Day 10: Apache Junction, AZ to Globe, AZ (53 miles
Trip Start Mar 08, 2006
55Trip End May 07, 2006
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The only word to adequately describe today's ride is ... brutal. It started out innocently enough, but I was stopped about eight miles out of town with a flat tire. A quick repair and we were once again on our way. We met Joanna at the first SAG stop, at about mile 20, where we refilled water bottles and ate oranges and other assorted snacks. Joanna informed us there were two riders on the road in front of us, Leslie and Delores, who had left the hotel an hour ahead of everybody else.
A mild uphill grade followed by a two-mile climb to Gonzales Peak, elevation 2,651', and quick downhill brought us to Superior, a little town about 27 miles into our trek. The threatening clouds both ahead and behind us aided in our decision to take refuge in the Buckboard Restaurant and refuel for the climbs ahead. While dining on eggs, hash browns, and homemade biscuits, the rain and hail came down in torrents. Several other riders arrived, and the restaurant was soon filled with conversations back and forth regarding the wisdom of continuing the ride. Several other diners, who had just come across the pass westbound, warned us of snow and high winds ahead. Heather recommended shuttling to Globe, and several riders readily agreed. Di and I decided to layer up, including rain jackets and pants, and continue on.
We began the steep four-mile climb to Queen Creek Tunnel in the pouring rain. The road was narrow, with no shoulder and trucks and cars whizzing past. As we rounded the corner, we could see a bridge spanning a deep canyon, and a dimly lit tunnel cutting through an especially towering peak hundreds of feet above us. As we approached the tunnel entrance, we stopped at the turn-out to check in with Joanna who was going to escort us through the tunnel. Heather also arrived with the van and trailer, loaded with bikes and riders. Heather told us the other riders who had set out to ride had turned around and were going to wait at the restaurant for the van to return and shuttle them to Globe. That left just Di, Leslie, Delores and I electing to bicycle to Globe.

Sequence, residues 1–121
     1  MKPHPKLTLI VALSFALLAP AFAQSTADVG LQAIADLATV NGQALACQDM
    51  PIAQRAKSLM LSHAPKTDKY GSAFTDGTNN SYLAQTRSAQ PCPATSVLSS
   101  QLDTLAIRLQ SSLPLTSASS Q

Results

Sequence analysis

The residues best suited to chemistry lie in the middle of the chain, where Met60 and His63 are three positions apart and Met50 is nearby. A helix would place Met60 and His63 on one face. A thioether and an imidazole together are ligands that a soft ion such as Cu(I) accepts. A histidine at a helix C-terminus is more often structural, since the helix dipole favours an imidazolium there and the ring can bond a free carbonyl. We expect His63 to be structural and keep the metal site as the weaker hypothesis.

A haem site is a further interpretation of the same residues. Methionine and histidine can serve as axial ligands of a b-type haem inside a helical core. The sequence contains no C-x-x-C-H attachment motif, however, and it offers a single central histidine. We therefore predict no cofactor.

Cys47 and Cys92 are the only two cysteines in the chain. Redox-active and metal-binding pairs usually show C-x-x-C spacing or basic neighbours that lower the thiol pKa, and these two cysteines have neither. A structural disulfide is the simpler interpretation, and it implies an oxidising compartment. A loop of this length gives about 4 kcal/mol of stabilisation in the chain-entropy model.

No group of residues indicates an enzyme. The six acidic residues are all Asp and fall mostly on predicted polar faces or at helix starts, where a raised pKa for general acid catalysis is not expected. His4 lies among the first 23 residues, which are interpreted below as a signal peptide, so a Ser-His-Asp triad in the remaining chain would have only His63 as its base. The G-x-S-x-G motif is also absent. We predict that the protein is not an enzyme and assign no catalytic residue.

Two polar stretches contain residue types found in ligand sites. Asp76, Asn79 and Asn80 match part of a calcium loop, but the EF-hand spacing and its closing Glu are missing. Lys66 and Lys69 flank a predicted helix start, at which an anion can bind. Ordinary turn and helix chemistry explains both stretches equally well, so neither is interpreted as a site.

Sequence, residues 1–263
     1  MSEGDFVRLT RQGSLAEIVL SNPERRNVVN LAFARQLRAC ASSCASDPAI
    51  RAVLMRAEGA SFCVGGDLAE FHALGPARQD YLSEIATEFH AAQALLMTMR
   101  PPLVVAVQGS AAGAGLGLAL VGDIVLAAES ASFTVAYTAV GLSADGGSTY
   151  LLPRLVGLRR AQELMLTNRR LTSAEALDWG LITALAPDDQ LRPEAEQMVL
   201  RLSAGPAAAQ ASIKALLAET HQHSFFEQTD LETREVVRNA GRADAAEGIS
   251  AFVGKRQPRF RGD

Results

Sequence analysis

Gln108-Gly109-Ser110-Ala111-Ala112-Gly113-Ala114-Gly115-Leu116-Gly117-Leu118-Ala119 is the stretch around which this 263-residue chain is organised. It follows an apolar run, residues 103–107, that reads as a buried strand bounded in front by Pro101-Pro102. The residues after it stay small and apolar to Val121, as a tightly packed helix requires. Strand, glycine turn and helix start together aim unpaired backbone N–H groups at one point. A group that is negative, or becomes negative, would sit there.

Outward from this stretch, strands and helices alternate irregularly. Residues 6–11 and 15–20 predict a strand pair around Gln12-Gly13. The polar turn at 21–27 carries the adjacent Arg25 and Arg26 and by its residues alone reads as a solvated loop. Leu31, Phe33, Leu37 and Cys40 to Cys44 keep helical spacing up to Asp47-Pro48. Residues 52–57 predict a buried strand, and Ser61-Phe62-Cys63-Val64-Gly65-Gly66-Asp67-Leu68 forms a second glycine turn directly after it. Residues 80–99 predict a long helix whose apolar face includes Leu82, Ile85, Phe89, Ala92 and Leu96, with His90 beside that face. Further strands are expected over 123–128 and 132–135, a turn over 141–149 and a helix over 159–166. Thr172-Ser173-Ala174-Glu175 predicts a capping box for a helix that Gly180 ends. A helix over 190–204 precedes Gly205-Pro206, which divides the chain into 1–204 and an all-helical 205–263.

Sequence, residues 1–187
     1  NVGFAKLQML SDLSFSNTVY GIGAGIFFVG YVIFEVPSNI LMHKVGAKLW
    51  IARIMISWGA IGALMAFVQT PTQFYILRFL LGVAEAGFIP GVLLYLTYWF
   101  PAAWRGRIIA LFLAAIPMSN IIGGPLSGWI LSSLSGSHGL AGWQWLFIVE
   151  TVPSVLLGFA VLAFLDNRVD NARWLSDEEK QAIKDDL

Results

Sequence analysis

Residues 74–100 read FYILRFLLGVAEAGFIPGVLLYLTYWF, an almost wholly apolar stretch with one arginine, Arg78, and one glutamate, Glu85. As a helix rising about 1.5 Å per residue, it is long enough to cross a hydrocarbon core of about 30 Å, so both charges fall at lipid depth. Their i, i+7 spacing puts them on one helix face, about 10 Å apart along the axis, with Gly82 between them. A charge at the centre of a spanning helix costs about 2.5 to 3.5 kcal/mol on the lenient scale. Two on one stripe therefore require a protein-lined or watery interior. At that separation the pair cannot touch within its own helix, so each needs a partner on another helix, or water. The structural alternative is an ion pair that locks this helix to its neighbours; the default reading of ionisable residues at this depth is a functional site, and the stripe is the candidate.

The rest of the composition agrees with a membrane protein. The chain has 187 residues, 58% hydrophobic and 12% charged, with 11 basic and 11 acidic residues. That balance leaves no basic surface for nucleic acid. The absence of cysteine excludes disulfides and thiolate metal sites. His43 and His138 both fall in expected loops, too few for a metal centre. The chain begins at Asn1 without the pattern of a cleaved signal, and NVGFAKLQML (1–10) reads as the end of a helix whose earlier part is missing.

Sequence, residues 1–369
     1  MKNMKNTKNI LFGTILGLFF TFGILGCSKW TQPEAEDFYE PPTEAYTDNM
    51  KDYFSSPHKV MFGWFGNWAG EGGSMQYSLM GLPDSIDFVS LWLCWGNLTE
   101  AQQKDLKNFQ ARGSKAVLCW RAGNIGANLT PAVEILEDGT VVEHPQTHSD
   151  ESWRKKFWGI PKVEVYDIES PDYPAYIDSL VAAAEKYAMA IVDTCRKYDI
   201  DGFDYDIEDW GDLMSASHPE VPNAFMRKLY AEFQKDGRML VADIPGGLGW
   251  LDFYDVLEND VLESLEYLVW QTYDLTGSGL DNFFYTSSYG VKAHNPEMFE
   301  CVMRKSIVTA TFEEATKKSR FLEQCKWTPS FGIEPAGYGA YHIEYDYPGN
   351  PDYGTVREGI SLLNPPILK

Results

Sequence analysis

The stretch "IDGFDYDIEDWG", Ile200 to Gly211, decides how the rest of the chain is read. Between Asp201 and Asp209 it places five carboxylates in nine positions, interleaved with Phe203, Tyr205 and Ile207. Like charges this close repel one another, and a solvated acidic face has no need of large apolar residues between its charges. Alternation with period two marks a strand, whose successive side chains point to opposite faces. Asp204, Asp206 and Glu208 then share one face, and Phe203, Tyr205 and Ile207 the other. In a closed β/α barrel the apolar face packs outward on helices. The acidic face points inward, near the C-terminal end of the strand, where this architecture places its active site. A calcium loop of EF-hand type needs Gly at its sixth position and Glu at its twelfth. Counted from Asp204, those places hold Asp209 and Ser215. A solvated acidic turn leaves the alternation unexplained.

Once through the tunnel, the climb was steep, on a narrow mountain road lined with snow. How to take my mind off the pain? My first strategy, counting my pedal revolutions, was not a confidence booster when I hit 1,000 and there was still more hill to climb. I tried to think of a song to sing, but my mind was a blank. All I could think of was "Ten Little Indians", and I sang it over and over through this climb and the next. After a grueling six-mile climb we crested, and dropped a precipitous two-miles through Devil's Canyon. The weather continued to deteriorate, as the winds swirled and snow began to fall. As we started the next six-mile climb, we found Delores on the road. Her handlebars had been damaged while riding the rumble strip and her bike was unsafe to ride. She told us to continue on, as she would keep walking while awaiting the SAG. She was not dressed adequately for the weather, and I offered her my rain jacket, which she refused. Di and I continued our climb, and soon reached the top of Signal Mountain Pass, called the "Top of the World" by the locals, elevation 4,829', and the highest point on today's ride. The next four miles was a fast and dangerous downhill, with visibility limited by fog and snow, to the bridge at Pinto Creek Canyon which spans a very deep gorge. I quickly outdistanced Di on the downhill, and literally flew the last 10 miles into Globe, hardly even slowing on the last few small climbs.
I arrived at the hotel cold and wet, my toes and fingers frozen. Fortunately, my room was ready and I wasted no time before jumping in a hot shower. Di and Leslie arrived together about an hour later. Heather returned to Superior to pick up the rest of the riders, and also picked up Delores enroute.
The mountains here are full of old mines, many of them closed, which can be seen on the hillsides along the route. The Sleeping Beauty Mine, just west of town, provides some of the most expensive turquoise in the world. Old copper mines, like Magma Mine and Pinto Gully Mine are now closed. They are currently opening a new mine, which will take five years to be operational, and will bring gold and silver up from over 7,000' below the surface. There is also a copper smelter outside of town, which I also saw on my ride in.
Snow and accumulations of 3"-6" are forecast for tonight, so tomorrow's ride is questionable. It is hard to believe that last year was so hot the riders suffered heat stroke on today's climbs!